So: once again, Babalon can’t be Nuit, probably is the Scarlet Woman, isn’t mentioned directly in AL, and is wholly rooted in the quoted chapter of the New Testament. Crowley was raised by a Plymouth Brethren, Revelations-obsessed mother; most of us weren’t. Why is this Christian image so popular among Thelemites?

    The passage david cites in AL III: 43-5 is one of the most problematic for anyone who wants to argue that AC is not the author of AL– it so clearly panders to his sexual desires, and seeks to give his masochistic desire to be abased and cuckolded by his wife the force of a divine decree.

    It is also one of the clearest answers to the question i posed a while back about why few women post here- few women are likely to be interested in a religion/philosophy/method that reduces them to the status of animated fucktoys compelled by deities to act out men’s sexual fantasies, as in this passage.

    JB: As to the prevalence of the unicursal hexagram as a symbol of Thelema, while i realize this is far from probative, here are two examples from the current front page of the reddit Thelema group:

    Got a couple new tattoos. from thelema


    [one of the “Top Posts Of he Month” as i post this]

    Have any other secret Thelemites here had an experience of accidentally letting something slip, only to discover you’re talking to another Thelemite? from thelema


    [First comment in toto: “I was talking to a new acquaintance and I mentioned in passing that I was studying the writings of Aleister Crowley. He just said “dude” and lifted the leg of his pants to reveal a unicursal hexagram tattoo.”]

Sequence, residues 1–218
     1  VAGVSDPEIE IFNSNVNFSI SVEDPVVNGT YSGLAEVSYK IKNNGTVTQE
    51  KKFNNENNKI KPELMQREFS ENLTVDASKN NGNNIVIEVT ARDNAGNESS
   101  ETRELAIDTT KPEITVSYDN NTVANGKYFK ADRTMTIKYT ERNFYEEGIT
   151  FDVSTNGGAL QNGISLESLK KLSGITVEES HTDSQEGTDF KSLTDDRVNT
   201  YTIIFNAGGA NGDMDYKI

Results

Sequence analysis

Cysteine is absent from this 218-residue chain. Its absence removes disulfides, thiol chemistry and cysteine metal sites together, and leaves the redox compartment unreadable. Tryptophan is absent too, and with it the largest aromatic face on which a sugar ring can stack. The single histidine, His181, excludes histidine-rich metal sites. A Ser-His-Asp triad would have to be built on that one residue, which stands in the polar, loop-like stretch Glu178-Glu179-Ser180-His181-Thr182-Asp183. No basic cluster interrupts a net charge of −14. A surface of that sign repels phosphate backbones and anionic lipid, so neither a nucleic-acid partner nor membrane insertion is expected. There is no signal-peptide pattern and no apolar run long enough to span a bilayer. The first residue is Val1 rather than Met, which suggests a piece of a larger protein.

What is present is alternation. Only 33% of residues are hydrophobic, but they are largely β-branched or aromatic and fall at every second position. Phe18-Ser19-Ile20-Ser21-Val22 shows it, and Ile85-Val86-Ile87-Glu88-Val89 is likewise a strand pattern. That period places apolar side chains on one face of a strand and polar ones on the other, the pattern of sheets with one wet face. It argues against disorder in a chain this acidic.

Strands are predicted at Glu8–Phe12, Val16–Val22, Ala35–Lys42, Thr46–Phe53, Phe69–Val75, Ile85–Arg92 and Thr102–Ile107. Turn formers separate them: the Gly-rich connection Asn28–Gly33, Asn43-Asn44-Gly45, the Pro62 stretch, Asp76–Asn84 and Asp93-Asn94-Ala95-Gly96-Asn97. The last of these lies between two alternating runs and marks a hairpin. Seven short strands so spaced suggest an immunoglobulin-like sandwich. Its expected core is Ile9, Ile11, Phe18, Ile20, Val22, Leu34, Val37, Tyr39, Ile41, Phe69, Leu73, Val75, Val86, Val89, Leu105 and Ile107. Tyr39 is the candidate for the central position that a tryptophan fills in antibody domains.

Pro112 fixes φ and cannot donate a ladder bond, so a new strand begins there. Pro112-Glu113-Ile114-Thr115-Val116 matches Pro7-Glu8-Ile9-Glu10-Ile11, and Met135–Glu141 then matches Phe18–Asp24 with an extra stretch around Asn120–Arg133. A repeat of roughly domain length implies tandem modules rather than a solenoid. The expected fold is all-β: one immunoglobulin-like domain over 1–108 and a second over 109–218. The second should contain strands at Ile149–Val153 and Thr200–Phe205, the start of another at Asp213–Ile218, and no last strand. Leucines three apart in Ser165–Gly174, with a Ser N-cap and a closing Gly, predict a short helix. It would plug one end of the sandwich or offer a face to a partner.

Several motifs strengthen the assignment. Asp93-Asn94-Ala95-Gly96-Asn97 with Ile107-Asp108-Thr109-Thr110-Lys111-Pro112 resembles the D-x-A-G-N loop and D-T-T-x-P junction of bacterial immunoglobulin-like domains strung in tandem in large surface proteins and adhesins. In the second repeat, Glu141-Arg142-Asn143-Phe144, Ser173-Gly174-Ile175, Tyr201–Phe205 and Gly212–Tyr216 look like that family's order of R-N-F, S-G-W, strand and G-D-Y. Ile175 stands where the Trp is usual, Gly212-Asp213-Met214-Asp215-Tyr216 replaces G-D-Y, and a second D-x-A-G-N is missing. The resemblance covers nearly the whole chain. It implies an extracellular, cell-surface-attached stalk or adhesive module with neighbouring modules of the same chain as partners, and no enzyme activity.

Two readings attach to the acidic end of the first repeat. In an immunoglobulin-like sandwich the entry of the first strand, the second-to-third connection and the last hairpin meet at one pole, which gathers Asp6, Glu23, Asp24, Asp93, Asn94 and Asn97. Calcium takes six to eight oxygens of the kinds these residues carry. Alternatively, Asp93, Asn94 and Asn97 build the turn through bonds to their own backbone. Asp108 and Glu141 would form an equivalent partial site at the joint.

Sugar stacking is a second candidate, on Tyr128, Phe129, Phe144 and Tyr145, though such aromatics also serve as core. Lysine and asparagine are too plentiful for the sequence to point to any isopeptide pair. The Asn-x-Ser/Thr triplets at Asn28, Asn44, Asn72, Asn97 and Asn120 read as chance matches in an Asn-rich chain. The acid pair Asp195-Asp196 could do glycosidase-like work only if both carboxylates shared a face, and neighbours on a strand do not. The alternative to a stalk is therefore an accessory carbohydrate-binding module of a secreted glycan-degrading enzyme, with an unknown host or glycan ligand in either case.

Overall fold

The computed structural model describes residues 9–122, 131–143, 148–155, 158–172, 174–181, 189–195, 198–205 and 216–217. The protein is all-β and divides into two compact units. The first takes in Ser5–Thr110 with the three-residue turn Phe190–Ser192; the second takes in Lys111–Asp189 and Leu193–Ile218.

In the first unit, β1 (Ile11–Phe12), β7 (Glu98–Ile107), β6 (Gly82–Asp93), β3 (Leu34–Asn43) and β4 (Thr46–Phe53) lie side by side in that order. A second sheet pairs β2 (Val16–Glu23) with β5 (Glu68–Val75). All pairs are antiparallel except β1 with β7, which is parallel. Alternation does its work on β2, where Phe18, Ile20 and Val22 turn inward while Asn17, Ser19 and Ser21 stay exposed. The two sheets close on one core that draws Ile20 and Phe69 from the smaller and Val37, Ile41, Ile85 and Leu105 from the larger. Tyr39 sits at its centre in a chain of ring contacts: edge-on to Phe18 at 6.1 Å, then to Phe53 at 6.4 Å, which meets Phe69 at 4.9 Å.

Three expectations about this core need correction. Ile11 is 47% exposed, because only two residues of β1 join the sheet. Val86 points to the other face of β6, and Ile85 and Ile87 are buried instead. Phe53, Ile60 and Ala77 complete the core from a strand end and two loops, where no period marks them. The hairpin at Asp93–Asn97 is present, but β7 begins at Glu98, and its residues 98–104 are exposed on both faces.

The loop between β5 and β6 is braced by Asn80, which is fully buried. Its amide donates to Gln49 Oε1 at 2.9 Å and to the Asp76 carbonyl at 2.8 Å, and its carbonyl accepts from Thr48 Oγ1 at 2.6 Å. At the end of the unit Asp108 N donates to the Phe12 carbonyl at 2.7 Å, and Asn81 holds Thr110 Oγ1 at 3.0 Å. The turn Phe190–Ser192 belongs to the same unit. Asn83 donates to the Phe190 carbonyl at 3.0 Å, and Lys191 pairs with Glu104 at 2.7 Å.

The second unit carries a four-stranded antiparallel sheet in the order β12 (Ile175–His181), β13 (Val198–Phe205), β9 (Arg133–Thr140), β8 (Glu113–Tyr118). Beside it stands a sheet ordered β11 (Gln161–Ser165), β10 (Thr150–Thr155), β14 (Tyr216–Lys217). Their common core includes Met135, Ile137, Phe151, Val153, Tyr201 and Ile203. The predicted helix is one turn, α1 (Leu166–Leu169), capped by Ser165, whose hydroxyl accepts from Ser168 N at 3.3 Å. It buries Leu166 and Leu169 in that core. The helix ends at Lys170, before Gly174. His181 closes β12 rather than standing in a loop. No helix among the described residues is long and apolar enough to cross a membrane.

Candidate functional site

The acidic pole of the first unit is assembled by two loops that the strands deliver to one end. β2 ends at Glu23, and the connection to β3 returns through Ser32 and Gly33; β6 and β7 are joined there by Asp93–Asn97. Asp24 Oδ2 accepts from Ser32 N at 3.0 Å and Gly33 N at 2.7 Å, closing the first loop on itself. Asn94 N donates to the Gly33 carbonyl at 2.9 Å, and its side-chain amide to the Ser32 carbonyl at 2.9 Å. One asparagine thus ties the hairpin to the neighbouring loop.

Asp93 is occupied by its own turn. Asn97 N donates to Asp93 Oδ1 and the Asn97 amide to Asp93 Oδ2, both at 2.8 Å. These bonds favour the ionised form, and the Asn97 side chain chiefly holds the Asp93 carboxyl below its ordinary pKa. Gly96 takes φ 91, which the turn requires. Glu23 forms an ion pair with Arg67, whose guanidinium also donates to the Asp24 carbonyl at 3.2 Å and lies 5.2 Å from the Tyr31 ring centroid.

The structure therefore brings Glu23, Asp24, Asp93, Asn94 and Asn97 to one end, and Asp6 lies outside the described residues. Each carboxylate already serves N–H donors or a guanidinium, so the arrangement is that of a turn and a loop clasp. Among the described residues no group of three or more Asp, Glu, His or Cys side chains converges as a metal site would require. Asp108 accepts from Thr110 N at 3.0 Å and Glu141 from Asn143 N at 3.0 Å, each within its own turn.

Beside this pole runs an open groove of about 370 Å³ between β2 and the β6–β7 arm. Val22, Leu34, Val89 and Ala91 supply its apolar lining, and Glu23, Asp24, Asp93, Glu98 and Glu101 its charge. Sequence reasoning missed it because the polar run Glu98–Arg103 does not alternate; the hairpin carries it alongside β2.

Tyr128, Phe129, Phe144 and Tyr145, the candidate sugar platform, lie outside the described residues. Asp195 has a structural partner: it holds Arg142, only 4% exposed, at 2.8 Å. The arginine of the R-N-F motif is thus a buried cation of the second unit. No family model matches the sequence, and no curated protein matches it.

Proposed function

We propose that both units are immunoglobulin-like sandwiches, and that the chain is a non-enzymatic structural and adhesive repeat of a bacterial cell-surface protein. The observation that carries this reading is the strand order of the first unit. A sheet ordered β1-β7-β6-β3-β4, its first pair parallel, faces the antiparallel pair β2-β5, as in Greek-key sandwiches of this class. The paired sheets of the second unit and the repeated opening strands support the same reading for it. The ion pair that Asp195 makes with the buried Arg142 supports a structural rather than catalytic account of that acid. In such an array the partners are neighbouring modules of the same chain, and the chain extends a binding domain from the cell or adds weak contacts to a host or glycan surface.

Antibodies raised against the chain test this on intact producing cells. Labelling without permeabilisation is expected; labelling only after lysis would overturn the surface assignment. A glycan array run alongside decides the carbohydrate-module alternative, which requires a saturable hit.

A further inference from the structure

#113444

    ignant666
    Participant

    With apologies for double posting, but i am replying to Jamie’s post replying to mine, that now appears before mine due to Choronzonic Forces: Bingo, yes, that is what i meant- a symbol of affiliation equivalent to the cross for Xians, the star of David for Jews, or the pentagram for Wiccans.

    #113447

    Tiger
    Participant

    The Beast
    Spoken of in the Apocalypse

    Move along now
    nothing to see here

    next
    A depiction of the Virgin Mary impregnated
    by a stalwart deity
    juxtaposed to her husband

    #113449

    belmurru
    Participant

    A good starting point for the etiology of the Thelemic Babalon is the 12th Aethyr of The Vision and the Voice (Dec. 4-5, 1909), with commentary (preferably the latest edition). Crowley didn’t write the name as “Babalon” until the end of 10th Aethyr (December 6). In the 12th Aethyr it is Babylon from the Apocalypse, and all the biblical allusions are made clear.